Accordingly, I conclude DLA and DCASR did not refuse to permit Nazare and Fedoriw union representation and did not violate Sections 7116(a)(1) and (8) of the Statute.
The remaining issue is whether the DCIS itself was obliged to afford Nazare and Fedoriw union representation pursuant to Section 7114(a)(2)(B) of the Statute.
In light of the foregoing discussion it is clear DLA, is the agency that would be required to afford Nazare and Fedoriw the union representation in any investigation DLA is conducting. DCIS has no collective bargaining relationship with AFGE with respect to Nazare and Fedoriw. Section 7114(a)(2) [ v28 p11 ] provides "(2) An exclusive representative of an appropriate unit in an agency shall be given the opportunity to be represented. . . ." The unit to which Nazare and Fedoriw belong is not in DCIS, it is in DLA. Accordingly, the Section 7114(a)(2) requirements were not applicable to DCIS when it interviewed Nazare and Fedoriw. DCIS, being an independent investigative body established by statute, therefore was not obliged to afford Nazare and Fedoriw union representation.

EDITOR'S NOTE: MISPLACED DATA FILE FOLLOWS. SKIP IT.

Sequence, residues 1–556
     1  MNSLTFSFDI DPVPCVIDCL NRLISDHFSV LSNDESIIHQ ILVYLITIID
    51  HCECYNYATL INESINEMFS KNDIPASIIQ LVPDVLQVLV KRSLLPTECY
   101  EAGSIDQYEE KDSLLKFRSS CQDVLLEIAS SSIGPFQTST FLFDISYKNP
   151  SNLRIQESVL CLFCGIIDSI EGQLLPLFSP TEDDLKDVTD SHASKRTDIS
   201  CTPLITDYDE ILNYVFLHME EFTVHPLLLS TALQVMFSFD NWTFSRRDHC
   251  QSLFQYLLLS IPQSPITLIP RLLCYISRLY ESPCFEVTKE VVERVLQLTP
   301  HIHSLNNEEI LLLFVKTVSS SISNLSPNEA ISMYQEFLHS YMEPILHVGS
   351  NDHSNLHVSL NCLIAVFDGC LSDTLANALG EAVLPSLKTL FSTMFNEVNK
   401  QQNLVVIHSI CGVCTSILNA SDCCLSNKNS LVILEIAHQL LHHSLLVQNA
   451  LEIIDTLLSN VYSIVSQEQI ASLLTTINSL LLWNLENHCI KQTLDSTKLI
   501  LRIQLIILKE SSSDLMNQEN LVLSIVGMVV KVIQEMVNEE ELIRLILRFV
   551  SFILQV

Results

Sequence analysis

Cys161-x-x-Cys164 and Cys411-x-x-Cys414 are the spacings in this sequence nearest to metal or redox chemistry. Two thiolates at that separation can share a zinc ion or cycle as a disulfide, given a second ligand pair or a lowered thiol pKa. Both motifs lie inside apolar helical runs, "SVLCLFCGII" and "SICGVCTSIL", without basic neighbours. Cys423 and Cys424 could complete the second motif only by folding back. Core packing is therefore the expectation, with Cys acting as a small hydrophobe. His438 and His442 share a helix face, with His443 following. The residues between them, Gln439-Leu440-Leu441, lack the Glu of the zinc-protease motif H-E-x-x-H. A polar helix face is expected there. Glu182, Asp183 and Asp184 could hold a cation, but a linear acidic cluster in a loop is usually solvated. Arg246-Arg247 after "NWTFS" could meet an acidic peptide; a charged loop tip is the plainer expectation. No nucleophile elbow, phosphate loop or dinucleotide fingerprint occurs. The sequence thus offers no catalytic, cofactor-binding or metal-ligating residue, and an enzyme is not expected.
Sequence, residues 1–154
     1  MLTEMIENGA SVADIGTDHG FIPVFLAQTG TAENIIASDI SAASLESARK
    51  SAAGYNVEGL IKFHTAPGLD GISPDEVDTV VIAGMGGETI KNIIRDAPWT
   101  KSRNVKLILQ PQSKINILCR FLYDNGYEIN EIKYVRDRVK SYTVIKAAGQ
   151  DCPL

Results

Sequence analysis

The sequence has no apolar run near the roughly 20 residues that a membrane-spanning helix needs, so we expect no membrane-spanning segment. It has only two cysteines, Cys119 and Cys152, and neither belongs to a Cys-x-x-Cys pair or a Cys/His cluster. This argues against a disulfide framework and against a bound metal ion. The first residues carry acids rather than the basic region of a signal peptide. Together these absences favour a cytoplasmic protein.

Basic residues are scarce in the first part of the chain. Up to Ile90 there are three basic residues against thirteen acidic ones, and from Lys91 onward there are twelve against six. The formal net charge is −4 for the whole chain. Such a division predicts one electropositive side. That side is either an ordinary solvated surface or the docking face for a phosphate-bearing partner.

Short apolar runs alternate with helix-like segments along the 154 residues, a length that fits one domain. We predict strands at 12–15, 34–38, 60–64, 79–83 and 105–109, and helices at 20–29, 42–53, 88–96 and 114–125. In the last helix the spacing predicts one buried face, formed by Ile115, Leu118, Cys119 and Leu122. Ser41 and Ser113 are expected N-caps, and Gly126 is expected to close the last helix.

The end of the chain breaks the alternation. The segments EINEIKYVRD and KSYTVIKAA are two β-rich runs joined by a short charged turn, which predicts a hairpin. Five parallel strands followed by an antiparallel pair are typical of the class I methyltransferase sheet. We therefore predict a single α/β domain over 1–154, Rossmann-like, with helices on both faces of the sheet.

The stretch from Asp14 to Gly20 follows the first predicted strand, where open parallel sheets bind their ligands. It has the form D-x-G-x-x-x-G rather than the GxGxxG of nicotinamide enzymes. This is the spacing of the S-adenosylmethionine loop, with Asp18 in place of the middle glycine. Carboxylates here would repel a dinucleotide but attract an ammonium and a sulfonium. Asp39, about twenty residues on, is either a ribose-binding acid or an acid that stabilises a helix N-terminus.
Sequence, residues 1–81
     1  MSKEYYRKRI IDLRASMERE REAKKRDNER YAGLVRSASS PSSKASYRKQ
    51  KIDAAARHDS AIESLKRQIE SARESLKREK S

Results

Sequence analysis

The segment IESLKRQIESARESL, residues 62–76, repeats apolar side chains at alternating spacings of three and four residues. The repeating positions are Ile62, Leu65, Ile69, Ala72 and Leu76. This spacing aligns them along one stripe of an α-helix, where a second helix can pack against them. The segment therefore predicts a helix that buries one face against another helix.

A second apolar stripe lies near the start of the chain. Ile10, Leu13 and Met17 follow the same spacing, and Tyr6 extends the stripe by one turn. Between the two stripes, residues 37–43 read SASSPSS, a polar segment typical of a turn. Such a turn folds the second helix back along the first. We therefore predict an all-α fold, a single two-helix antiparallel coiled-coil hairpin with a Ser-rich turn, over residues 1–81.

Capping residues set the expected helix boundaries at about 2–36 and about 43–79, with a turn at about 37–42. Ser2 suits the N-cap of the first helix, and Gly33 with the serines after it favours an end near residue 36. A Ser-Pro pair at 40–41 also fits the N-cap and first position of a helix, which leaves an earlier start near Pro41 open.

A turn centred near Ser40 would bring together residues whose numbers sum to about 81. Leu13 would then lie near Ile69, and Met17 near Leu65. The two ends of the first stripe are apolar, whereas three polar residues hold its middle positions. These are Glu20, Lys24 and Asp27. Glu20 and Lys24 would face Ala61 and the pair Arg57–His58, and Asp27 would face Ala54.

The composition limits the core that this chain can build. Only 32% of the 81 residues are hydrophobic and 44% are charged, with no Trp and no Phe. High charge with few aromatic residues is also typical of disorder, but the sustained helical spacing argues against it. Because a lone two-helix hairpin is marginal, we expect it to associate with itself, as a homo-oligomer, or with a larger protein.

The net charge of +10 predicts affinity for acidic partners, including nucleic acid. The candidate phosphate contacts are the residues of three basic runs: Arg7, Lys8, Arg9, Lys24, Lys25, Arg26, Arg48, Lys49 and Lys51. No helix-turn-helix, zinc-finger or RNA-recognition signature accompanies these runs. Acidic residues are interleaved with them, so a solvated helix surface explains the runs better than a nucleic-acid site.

It is troubling to have two employees interviewed in circumstances that might result in their discipline and yet to deny them the fundamental statutory right to union representation. But in the subject case the relationship between DLA and DCIS are such, with DLA exercising no control over DCIS, that I must conclude that the employees had no such right to union representation during the DCIS investigation. 10 Again I note DCIS is a statutorily created criminal investigative body independent of DLA and only under limited control by the Secretary of Defense. Thus, this is not a situation of an organization within an agency, where the agency has separated out investigative functions from administrative functions so as to avoid the Section 7114(a)(2) rights.